On October 26, 2021, the Dutch Parliament will vote on a motion that proposes better pay for translators and interpreters belonging to the Register of Sworn Interpreters and Translators (Rbtv). For most of October, Dutch linguists have been engaging in mass action under the auspices of a group Slator first wrote about a year ago.
It was back in October 2020 that plans to form a new professional body that would safeguard the interests of Dutch linguists first came to our attention. The group officially launched in December 2020 — although the beginnings of an organization started to come to light the year prior, culminating in the staging of a protest.
Covering how linguists in the Netherlands have ceased to work anew, the Dutch press has highlighted the group’s demand for better monetary compensation. But the group, now called the Order of Registered Interpreters and Translators (Orde van Registertolken en -vertalers or ORT&V), stated that it is actually fighting for two things: the right to negotiate fairer conditions for contracts and the right to work that has been otherwise given to “less qualified” interpreters.
Heleen Sittig, a member of the ORT&V Communications Team and a Spanish translator and interpreter, told Slator that the right to negotiate was given them by a June 2020 update to the Judicial Remuneration and Compensation Act, “although in practice this right is in most cases not granted.”
On the issue of less qualified interpreters being given work, Sittig pointed out that the Register of Sworn Interpreters and Translators (Rbtv) was set up a decade ago in the Netherlands to professionalize the language services sector. At the time, the Rbtv was open only to linguists with a C1 language proficiency level; but (lower) B2-level interpreters have since been allowed into the Rbtv.
Moreover, Sittig said, language service providers (LSPs) “have even formed their own teams — the so-called Noodlijst or Emergency List — of interpreters with totally unverifiable qualifications. These people do not have to pass any test, and the Government permits it. There are enough C1 linguists waiting at home for assignments, but apparently LSPs prefer to engage these other people, with lower or unknown qualifications.”
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The ORT&V is of the belief that “the use of unqualified interpreters is not in accordance with the European Convention on Human Rights, Article 6, which grants the right to a fair trial,” Sittig said.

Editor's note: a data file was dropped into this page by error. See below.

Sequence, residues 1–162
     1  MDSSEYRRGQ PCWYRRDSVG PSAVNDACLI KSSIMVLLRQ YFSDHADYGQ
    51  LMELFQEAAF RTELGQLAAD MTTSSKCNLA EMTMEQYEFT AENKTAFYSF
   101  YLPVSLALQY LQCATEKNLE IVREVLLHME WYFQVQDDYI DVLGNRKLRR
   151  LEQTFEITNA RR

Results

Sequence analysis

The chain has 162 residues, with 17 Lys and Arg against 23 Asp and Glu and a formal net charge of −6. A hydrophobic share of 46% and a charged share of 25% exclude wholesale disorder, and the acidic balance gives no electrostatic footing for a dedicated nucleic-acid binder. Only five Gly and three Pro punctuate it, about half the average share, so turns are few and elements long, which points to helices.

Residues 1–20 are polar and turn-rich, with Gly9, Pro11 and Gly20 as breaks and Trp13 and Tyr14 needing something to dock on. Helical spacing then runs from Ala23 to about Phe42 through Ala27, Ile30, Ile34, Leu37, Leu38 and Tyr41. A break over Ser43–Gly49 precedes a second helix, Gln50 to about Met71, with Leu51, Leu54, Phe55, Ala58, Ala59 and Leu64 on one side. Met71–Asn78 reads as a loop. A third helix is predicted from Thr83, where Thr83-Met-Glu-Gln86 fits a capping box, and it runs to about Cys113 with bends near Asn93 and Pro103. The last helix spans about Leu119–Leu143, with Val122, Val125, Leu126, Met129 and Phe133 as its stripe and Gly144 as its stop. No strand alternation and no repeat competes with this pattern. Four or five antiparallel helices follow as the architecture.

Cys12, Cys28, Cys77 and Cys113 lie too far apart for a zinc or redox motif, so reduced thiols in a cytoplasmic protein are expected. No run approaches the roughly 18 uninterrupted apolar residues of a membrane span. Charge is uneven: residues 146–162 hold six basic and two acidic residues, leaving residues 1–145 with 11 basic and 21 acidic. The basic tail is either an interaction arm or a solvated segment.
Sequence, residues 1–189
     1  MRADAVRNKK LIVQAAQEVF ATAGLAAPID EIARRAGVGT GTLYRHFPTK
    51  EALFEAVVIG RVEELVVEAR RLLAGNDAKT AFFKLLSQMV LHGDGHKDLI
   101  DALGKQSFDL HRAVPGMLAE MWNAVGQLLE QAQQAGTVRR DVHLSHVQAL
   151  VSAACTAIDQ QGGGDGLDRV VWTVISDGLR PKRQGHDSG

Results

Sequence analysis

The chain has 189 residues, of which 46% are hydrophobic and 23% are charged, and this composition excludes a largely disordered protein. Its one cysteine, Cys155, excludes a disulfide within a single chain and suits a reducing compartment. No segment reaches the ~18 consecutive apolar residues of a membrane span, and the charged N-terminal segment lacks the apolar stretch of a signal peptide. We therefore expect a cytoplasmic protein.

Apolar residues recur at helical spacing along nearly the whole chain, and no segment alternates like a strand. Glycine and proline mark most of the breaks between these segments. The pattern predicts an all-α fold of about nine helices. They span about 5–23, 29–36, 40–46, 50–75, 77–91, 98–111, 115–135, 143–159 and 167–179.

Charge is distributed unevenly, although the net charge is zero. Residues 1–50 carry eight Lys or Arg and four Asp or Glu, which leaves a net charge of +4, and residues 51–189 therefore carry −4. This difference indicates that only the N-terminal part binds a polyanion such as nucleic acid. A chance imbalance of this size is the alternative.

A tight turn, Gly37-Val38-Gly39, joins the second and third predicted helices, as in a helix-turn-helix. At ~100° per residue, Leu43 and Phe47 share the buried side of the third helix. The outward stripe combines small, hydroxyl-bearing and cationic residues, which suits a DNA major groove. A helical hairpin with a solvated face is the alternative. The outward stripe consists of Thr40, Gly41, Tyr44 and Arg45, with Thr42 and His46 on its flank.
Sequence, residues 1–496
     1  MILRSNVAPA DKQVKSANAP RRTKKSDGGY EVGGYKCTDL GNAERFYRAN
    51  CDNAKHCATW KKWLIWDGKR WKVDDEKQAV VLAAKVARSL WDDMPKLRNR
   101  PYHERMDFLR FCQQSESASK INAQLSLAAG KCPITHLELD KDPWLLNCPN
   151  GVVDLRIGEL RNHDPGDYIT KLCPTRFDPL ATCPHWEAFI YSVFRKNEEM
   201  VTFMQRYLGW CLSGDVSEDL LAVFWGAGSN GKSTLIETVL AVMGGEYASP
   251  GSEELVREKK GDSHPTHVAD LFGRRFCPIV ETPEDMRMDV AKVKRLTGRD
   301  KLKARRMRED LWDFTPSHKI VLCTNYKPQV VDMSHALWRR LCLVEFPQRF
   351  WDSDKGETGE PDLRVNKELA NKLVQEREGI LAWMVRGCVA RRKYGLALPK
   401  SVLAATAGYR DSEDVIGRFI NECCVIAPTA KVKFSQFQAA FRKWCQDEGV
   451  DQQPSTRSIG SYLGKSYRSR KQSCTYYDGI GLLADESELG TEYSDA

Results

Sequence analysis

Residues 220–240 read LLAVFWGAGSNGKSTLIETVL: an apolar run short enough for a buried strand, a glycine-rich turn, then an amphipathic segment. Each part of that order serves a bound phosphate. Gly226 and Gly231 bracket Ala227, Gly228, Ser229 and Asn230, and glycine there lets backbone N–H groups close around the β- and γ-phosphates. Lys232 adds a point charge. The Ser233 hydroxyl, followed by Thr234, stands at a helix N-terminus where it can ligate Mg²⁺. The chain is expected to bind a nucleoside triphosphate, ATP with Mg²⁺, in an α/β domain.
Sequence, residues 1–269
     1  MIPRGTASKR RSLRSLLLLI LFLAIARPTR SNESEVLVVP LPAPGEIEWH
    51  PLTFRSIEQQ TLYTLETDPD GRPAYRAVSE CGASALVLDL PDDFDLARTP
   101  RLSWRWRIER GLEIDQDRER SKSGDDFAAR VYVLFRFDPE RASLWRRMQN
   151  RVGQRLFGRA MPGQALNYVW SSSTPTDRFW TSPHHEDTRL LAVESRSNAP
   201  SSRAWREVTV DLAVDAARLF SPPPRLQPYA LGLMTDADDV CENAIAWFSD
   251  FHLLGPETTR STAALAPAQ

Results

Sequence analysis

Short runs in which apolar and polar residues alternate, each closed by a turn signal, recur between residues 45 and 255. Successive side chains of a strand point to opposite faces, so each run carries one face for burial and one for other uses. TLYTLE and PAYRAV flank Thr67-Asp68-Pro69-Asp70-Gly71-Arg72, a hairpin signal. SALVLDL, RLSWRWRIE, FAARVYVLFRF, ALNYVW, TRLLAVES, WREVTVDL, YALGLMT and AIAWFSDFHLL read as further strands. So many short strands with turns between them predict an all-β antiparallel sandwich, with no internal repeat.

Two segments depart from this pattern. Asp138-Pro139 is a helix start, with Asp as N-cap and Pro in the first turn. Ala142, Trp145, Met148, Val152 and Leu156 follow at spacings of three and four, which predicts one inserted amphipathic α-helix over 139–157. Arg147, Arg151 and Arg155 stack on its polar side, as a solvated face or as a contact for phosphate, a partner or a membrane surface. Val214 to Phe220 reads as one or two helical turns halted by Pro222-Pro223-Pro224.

Asked if the ORT&V has, at all, demanded a higher minimum rate — which now stands at EUR 43.89 per hour for interpreters and EUR 0.079 per word for the translators — Sittig replied, “We are not really demanding a minimum rate. We want indexation.” Indexation refers to the adjustment of wages based on inflation, cost of living, etc.
Sittig noted how “rates have been frozen from 1963 (for translators) and 1981 (for interpreters). There is no other sector in the Netherlands where rates have never been indexed during all these years of inflation.”
She added, “We do keep an eye on our German neighbors. In Germany, the per-hour rate is EUR 85, working hours counted from the very moment you leave your home to go to the job, and the rate for translations in Germany is very reasonable as well. We also want to be able to negotiate fairer conditions.” (Germany’s Federal Association of Interpreters and Translators or BDÜ has, of course, criticized this hourly rate.)
The ORT&V has 548 members and counting. Leading the charge are Fedde Dijkstra, Chairman and independent translator and interpreter of Frisian and German; Ralph Schmit, independent translator and interpreter in German and, until recently, Treasurer; and Zora Terrichová, Board Member and independent translator and interpreter in Czech, Slovak, Polish, and Russian.
And, yes, members of the ORT&V have stopped accepting work in general. Here is a timeline of events as narrated by Sittig.
Disappointed and Angry
Linguist Lidija Pomper, who specializes in English, Croatian, Bosnian, and Serbian, and who has been part of the ORT&V from the very start, told Slator, “It is quite a challenge to not accept work as we are all highly educated entrepreneurs who want to work and love to work. Unfortunately, my passion for languages and interpreting has been obstructed by worries about current developments. I am also disappointed and angry that the government is not listening.”
While the ORT&V is not staging a protest over compensation alone, the rates paid linguists by the Dutch government are indeed a sore point. Pomper noted how “compared to the other self-employed entrepreneurs in Holland, our hourly rate is similar to what taxi drivers, plumbers, and car mechanics earn — while we are experts and can be compared to psychiatrists who appear as experts in court as well.”
Compounding the issue is the government’s refusal to negotiate. Pomper said, “I am not prepared to sign additional contracts designed by individual agencies, each of them lowering our rates to the extreme, forcing us to accept lower rates for travel expenses, and not accepting negotiations about an additional 50% for work after 8 p.m. and on the weekend.”
As linguists in the Netherlands brace for the outcome of the October 26 Parliamentary vote, they have found some solace in banding together.
“I now live on my savings,” Pomper said. “I still study and try to be well informed, but I am slowly losing contact with daily developments. I am glad that I can contact my ORT&V colleagues who are going through the same thing.”
Update: With 77 voting against versus 73 for the motion to index wages, the Dutch Parliament on the afternoon of October 26, 2021 rejected the move to adjust linguist rates, which have remained the same for the last 58 years for translators and 40 years for interpreters. Slator will continue to monitor the situation and provide updates as needed.
Image: Mass protest at The Hague on October 14, 2021; courtesy of ORT&V